Bill Intended To Address Multi-Layer Problems Besetting Power Sector Passed


Bill Intended To Address Multi-Layer Problems Besetting Power Sector Passed


The Senate on Wednesday passed a new electricity bill that is intended to address the multi-layer problems that are besetting the power sector.

With this bill, all the legislations concerning the power sector have been consolidated into one document known as “Integration of National  Electricity Project” , which when passed to law, would empower stakeholders to review happenings in the power sector every three years .This is intended to identify any anomalies in the sector and corrected

One of the highlights of the bill is that when it becomes an act, it would empower states that have what it takes to generate and distribute electricity to do so.

The Nigeria Electricity Regulatory Commission NERC in the new Act, has been strengthened with its power widen. It will now become an independent agency that would be free from unnecessary interference from the government.

The bill’s passage was sequel to the consideration of a report by the Committee on Power.

The Chairman of the Committee, Senator Gabriel Suswam (PDP, Benue North East), in his presentation, said the bill seeks to, amongst others, provide an Ideal legal and institutional framework to leverage on the modest gains of the privatisation phase of the electricity power sector in Nigeria.

He also said anyone or firm generating electricity below one megawatts do not need licence to do so.

He said, “The bill, when signed into law, will open up the space in the power industry and allows states or individuals with capacities to generate their own power and distribute.

“Since electricity is on the Concurrent List in the constitution, the bill has allowed state governments to license people who intend to operate mini grid within the state.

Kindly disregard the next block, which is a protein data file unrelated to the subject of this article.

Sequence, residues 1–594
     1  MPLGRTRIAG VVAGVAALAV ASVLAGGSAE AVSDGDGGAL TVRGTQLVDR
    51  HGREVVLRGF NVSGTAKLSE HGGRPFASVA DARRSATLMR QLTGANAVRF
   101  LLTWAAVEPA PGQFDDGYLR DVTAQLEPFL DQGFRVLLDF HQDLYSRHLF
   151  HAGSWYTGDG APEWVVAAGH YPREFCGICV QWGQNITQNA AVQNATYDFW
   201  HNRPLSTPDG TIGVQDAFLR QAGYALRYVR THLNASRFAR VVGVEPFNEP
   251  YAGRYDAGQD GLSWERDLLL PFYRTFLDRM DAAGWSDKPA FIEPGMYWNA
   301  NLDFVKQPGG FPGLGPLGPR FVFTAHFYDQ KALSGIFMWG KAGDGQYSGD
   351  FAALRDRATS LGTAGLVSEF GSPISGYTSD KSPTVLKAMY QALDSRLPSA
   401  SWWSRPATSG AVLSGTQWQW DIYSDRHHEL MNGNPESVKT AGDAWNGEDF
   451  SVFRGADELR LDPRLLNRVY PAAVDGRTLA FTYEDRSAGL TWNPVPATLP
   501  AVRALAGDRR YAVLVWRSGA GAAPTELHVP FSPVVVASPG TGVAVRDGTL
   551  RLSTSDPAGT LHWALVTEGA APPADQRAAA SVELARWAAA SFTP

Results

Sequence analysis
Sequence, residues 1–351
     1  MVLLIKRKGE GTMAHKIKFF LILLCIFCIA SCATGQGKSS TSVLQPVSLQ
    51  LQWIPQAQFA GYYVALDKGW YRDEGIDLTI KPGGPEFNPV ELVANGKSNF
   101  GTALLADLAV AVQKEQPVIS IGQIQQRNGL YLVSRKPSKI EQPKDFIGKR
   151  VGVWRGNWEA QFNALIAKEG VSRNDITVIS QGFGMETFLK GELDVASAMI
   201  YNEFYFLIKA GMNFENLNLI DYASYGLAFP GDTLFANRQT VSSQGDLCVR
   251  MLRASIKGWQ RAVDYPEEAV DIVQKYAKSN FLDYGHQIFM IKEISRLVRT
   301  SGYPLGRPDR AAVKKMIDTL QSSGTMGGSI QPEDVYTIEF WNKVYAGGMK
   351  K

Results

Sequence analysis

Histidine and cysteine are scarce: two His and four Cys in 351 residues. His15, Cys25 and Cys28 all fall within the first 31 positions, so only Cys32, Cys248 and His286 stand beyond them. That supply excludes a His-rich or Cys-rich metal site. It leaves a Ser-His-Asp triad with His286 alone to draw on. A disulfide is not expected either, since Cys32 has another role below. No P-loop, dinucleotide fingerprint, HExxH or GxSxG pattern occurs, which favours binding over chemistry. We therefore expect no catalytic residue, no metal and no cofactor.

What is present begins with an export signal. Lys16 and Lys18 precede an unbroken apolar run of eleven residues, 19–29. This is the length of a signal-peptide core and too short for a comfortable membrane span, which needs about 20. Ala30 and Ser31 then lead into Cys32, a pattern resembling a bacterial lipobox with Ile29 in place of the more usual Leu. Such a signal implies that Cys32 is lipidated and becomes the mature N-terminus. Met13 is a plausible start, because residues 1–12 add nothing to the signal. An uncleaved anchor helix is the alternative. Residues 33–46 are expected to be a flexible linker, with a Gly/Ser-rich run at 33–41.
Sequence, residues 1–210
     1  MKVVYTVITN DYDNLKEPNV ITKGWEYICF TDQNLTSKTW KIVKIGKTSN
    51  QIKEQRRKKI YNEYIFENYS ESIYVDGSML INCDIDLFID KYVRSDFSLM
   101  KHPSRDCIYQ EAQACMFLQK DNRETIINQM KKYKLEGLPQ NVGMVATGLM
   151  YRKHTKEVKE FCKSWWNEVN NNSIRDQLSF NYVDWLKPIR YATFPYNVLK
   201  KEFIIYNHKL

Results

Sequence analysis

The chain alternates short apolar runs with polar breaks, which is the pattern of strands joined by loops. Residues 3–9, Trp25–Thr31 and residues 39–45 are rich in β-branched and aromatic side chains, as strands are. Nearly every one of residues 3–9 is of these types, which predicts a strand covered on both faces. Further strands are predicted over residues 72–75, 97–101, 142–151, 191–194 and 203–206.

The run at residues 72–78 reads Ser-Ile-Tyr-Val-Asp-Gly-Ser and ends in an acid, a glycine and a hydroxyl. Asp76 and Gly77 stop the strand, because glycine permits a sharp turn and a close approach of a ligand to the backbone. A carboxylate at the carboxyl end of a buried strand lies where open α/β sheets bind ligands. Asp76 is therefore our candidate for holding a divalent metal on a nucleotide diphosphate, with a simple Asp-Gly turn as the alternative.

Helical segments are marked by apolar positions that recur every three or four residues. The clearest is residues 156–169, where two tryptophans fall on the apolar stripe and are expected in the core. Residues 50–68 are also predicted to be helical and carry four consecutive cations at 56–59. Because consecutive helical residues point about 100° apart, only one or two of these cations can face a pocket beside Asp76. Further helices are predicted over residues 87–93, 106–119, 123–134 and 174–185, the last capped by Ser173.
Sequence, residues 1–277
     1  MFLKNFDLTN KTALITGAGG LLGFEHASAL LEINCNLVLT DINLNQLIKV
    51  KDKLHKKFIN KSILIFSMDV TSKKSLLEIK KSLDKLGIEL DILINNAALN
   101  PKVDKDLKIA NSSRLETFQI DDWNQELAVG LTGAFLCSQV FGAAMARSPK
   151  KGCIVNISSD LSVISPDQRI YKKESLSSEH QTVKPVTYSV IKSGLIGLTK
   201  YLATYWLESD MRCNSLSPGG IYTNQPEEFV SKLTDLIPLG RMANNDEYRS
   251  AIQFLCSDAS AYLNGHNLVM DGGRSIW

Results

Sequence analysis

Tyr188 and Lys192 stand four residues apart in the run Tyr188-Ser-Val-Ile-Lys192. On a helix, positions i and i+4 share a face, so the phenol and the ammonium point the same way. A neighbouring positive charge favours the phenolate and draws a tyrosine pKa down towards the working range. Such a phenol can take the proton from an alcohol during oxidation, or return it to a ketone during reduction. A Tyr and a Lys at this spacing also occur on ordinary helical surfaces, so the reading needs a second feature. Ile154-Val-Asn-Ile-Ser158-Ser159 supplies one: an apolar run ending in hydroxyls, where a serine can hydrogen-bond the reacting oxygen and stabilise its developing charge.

That is the only way the power problem would be solved. The space is now open. There is little restriction as to who will generate power and distribute it.

“What is obtainable now is that any power generated must be put on the national grid for transmission and distribution.

“The bill also provides that any power generated below one megawatt does not require license to distribute.”

He added that when signed into law, the bill would improve utilisation of generated power through increased investments in new technologies to enhance transmission and distribution of generated power to minimise aggregate value chain loses.

According to the lawmaker, the piece of legislation would, “reinvigorate the Institutional framework for the reform of the Nigerian Electricity Supply Industry (NESI) initiated and implemented by the Federal Government.”

He disclosed that the provisions of the bill seek to promote policies and regulatory measures that would ensure the expansion of power transmission networks in Nigeria in order to address any imbalance in the existing transmission infrastructure.

The former Benue  State governor said that the bill would stimulate policy and regulatory measures to scale up efficient power generation, transmission and distribution capabilities of the sector; as well as address technological limitations and outdated infrastructure that is responsible for value chain losses.

The Senate President, Ahmad Lawan, in his remarks after the passage of the bill, said, “because of its importance and sensitivity, we would like to see a quick concurrence by the House of Representatives, because time is of the essence as far as Nigeria is concerned when you talk about electricity and energy supplies in Nigeria.

“So, we would like to see that this bill is fully processed in the National Assembly and sent to the Executive side of government for the consideration for assent by Mr. President.

Olusola Bello

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